What are you wish on travel
When I came back from a week-long vacation in Madrid and Marrakech, my friends bombarded me with questions: “How did you pay for it? That must’ve been expensive…”I’m no millionaire. Or my personal favorite: “Did your family pitch in?” No, I’m a damn independent adult. To be honest, my paycheck is more like a reality check. I’m a writer, living in a 400-square-foot studio in Manhattan that costs half my salary and only fits a quarter of my stuff. Which is why people were amazed (and extremely doubtful) when I explained that the trip was actually affordable. I promise, I’m not in debt!
With the stress of bills, rent, student loans and other obligations, it’s easy to resign yourself to the idea that a vacation is more of a “one day” dream that isn’t in the cards right now. But, with the help of some money-saving shortcuts, it can be done.
Rack up credit card rewards
Almost every card out there has a point system or a cash-back clause. So every time you make a purchase, you’re automatically earning redeemable extras on the side. I’m a shameless promoter of the Chase Sapphire Preferred card, especially when it comes to travel. If you spend $4,000 in the first three months, you’ll get a 50,000-point sign-up bonus (they just increased it from 40,000 points last November). That’s equivalent to $500 cash, or $625 toward trips AND 3:1 points if you book through Chase Ultimate Rewards. Plus, you get double points for any travel-related charges (hotels, plane tickets, cabs, restaurants), and 1:1 points for regular consumer purchases. Six months after I got the card, I racked up enough to cover all my flights to Spain and Morocco — a saving of close to $900!
Similarly, stock up on those loyalty rewards. Signing up for an airline membership is almost always free, so you can collect miles with each flight you take for no cost. (And you don’t have to stick to just one — I have accounts for American, United, Delta and JetBlue.) if you prefer one carrier over the rest, look into credit card affiliates like Citi’s AAdvantage card. It works similarly to Chase, where it has a huge sign-on bonus, but instead of cold hard cash, it’s in American miles. Think about it this way, every time you travel you could automatically be earning double points: from both your credit card and airline account.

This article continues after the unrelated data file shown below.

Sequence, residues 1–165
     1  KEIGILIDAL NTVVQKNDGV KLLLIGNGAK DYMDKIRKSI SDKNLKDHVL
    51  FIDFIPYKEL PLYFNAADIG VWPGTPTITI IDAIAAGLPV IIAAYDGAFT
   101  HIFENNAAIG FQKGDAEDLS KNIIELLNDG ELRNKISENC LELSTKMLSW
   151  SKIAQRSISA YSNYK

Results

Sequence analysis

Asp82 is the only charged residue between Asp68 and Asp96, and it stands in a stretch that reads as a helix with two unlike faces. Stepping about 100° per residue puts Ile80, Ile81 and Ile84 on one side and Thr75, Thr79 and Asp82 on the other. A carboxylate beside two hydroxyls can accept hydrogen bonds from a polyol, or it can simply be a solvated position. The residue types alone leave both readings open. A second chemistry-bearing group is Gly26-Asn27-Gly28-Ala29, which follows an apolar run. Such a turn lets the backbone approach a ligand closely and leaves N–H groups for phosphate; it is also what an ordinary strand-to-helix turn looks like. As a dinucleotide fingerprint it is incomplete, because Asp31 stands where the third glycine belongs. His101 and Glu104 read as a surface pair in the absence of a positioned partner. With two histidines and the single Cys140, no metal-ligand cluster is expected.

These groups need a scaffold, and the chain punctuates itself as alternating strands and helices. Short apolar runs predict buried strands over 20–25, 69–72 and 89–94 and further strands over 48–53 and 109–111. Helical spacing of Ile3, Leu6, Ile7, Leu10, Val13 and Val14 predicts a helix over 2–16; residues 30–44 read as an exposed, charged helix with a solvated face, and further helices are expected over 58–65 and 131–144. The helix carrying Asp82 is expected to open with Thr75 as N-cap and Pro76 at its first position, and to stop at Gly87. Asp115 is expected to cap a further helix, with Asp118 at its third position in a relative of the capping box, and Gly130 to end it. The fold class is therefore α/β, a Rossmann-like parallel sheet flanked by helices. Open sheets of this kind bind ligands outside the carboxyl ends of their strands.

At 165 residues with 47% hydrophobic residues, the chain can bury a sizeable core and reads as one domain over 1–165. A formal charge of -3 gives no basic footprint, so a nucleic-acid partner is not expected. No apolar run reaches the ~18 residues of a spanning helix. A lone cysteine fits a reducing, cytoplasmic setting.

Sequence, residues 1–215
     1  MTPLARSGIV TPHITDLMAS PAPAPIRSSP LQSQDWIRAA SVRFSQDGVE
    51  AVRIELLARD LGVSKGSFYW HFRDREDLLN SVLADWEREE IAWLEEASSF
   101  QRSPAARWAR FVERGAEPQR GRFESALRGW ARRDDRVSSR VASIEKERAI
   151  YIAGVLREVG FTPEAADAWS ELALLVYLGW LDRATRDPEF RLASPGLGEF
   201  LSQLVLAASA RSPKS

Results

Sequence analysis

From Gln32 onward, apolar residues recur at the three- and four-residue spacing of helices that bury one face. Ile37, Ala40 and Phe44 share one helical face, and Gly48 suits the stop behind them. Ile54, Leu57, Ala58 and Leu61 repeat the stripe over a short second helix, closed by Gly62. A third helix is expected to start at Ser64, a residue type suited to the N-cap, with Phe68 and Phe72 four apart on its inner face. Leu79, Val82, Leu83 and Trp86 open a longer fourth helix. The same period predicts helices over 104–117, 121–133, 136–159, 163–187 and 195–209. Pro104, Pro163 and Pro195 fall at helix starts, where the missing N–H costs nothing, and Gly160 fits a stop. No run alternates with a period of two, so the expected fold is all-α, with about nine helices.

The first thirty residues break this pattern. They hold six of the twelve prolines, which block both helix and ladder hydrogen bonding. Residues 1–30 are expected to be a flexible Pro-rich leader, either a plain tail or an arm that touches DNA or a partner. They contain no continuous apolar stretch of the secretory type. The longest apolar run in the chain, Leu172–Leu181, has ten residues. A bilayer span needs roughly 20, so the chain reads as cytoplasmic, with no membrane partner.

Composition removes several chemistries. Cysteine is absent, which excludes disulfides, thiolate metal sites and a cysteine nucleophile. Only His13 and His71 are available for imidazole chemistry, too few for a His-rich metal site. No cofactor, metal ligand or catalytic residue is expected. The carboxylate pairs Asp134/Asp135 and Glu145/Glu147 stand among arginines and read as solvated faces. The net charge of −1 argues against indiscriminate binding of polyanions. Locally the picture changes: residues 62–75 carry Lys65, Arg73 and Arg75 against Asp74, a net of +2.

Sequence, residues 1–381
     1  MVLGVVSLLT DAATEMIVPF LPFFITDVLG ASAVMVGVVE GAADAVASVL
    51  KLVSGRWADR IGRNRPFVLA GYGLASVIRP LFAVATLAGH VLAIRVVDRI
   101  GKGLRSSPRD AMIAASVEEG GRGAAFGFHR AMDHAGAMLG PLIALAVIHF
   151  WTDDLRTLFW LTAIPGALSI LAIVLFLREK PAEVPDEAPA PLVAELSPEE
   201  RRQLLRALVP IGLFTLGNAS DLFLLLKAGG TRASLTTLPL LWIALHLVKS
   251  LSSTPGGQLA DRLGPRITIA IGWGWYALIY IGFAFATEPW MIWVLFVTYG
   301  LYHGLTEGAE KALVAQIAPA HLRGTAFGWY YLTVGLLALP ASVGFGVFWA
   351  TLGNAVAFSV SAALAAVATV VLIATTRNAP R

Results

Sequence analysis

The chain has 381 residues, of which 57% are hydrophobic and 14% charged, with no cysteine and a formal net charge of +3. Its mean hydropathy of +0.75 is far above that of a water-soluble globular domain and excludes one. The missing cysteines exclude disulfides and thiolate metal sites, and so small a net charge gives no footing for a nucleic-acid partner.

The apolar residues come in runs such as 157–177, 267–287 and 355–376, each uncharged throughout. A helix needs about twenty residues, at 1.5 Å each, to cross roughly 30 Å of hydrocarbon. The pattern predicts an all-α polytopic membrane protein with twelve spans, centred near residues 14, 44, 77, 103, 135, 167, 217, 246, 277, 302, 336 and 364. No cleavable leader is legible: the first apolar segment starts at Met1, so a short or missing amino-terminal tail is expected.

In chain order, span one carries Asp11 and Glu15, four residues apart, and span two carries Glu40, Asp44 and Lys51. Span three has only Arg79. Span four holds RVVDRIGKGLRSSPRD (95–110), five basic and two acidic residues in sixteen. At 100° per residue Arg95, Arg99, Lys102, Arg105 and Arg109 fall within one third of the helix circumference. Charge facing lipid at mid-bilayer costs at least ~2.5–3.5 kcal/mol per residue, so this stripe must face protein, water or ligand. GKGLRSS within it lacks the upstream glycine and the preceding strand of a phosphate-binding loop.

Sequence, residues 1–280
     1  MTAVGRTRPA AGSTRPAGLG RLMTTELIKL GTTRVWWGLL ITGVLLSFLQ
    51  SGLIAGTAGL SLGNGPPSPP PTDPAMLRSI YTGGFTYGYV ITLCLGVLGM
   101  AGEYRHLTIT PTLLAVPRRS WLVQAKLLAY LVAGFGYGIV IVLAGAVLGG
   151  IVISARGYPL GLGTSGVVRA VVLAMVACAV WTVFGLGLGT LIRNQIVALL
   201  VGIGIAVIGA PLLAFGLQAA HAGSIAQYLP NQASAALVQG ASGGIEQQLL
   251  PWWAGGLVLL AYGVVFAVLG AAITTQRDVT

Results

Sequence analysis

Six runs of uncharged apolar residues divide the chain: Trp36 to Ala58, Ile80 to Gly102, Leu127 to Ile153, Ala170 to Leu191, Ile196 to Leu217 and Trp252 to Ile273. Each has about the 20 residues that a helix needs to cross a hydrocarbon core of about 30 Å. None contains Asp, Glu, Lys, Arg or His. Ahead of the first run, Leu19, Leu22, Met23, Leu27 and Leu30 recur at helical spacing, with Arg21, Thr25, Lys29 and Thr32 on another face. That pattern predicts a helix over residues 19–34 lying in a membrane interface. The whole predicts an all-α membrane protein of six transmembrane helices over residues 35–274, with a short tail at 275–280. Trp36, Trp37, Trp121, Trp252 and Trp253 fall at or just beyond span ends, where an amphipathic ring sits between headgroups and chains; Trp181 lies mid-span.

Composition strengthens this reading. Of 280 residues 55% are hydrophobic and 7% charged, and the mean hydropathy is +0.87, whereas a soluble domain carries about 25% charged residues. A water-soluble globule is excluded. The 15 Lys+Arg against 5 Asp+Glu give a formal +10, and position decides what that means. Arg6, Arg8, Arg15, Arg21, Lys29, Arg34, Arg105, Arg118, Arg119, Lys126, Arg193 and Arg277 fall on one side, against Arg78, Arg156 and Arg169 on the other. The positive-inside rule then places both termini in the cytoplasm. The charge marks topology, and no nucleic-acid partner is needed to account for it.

Scope out the travel deals
I’m not a first-class flier. I dig through the bargain bin when it comes to airfare because I’d rather have a four-course meal or a day of activities than extra legroom. So, I often stalk sites like the Flight Deal, SkyScanner and Airfarewatchdog as well as apps such as Hopper and DealRay. Though the latter isn’t free, it’s worth it for the airline pricing mistakes they dig up — I once found round-trip airfare from New York to Portugal for $300! But keep in mind, many of these sale sites don’t show every carrier. Make sure to check Southwest, Spirit, Icelandair, and other budget airlines as well.
Search for affordable destinations
When you’re pinching pennies, narrow down which countries are in your budget. While Australia may have to wait, Southeast Asia is a deal, and there are a ton of affordable European countries to choose from thanks to low exchange rates and discounted flight routes. I went to Marrakech, where the dollar is insanely strong: one Moroccan dirham is equal to 10 cents! I stayed in a gorgeous riad for $50 a night (which was on the high side of typical hotel rates), and the most lavish meal I had — kefta mkaouara (Moroccan spicy meatballs, tomato sauce and fried eggs) and tajine d’agneau (lamb shank with couscous and veggies) at Le Jardin — added up to only $25.
Consider low-cost lodging
No, we’re not talking about bare-bones youth hostels (though, it’s always an option if that’s your style). A host of chic boutique hotels are available for a steal — as in under $100 a night. Favorites include: Ellington Hotel in Berlin, Hotel La Semilla in Mexico, The Royal Beach Seminyak in Indonesia, and Hotel Ambasciatori in Florence. If you do want to live the high life, but can’t afford to splurge on a week-long stay in the penthouse, you can still get a taste of luxury. I usually crash in an economy room for most of the trip, then treat myself to a night or two at a more glamorous resort. JS Tip: Book on Tingo, which reimburses you the difference if the price of your hotel room drops after you’ve paid.